Then there’s this weird Cohenism: “Senate Republicans [are] as ignorant of cinema history as they are determined to roll over the minority Democrats.” This comes after Cohen has written about how Mr. Smith Goes to Washington introduced Americans to the glories of the filibuster. Does he really think that Republicans are unfamiliar with the movie? Or that the movie makes an airtight case for filibusters? Or for filibusters of judges? Does he think at all before he types?

End the Filibuster


The time for a vote is now–we have a new editorial up saying as much.

Kyl on the P.R. Battle


Last night, Hugh Hewitt asked Senator Kyl whether Republicans had pulled even in the P.R. battle over judicial nominations yet. Kyl responded:

I’m not sure that we have yet. The problem is that Bill Frist, the Senate Republican Majority leader, did not want to fire the first shot. He said he’s going to try to work out some resolution of this issue, as hard as he can. And the other side decided well, they were ready to go do battle. And so they’ve had all of their outside groups putting on advertising on TV, and they’ve all been making these speeches, and so on. So, I think they got ahead of us in the P.R. battle. Maybe we’re even now, but the fact of the matter is, the argument is on the side of retaining the tradition of the Senate. And an over 200 year old tradition of giving nominees an up or down vote. And far from changing the rules, we are simply restoring that tradition that existed for 200 years, that’s only been broken as a result of the last Congress, when these judges were filibustered by the Democrats.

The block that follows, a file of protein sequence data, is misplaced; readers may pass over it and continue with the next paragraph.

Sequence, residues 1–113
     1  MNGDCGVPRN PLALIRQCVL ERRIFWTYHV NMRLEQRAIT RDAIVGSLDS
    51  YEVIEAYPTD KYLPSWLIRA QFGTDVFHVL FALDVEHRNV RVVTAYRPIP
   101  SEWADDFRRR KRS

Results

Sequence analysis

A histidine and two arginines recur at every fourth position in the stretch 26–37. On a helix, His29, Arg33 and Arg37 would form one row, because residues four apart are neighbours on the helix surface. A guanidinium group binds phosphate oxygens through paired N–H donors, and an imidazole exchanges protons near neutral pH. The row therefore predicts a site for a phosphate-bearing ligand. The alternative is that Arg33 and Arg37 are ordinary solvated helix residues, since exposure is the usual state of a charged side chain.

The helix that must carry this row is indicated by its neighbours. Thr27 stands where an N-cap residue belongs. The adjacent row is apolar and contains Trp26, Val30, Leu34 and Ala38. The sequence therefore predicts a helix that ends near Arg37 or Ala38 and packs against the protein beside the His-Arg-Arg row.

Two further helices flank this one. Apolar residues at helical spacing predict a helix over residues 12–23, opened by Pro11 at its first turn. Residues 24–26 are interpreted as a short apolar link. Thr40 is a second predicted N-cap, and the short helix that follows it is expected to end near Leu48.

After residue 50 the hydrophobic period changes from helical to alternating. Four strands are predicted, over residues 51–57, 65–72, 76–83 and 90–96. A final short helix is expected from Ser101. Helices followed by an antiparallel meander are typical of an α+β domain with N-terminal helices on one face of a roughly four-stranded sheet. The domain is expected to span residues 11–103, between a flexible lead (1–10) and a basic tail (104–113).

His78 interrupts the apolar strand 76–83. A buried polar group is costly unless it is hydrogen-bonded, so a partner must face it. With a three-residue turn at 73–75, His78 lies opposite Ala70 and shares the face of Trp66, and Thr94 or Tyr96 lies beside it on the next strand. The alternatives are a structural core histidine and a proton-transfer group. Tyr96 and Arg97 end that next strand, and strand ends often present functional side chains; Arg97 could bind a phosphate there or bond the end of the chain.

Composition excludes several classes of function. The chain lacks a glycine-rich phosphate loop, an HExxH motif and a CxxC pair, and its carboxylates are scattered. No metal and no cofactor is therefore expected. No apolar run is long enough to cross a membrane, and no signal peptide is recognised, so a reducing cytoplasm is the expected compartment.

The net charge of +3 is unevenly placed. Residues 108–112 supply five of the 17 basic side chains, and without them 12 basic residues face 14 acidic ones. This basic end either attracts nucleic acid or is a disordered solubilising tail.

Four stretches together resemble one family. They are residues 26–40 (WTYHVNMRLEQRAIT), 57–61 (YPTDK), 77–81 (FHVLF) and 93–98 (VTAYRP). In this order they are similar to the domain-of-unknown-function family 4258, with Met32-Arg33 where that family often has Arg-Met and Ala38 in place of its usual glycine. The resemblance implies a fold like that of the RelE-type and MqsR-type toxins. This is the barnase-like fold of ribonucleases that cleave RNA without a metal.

More of the interview is available at

The Judicial Balance


In reference to Jalk Balkin’s comments (see here and here), it would seem to me that the balance of the judiciary largely reflects presidential voting over the past decades. Republicans have held the White House for 23 of the past 35 years, and 17 of the past 25, so it seems only natural that Republicans have been responsible for the lion’s share of judicial appointments.

Boyle: So Close, Yet So Far


The News & Observer on the latest delay in Judge Terrence Boyle’s bid for confirmation to the Fourth Circuit.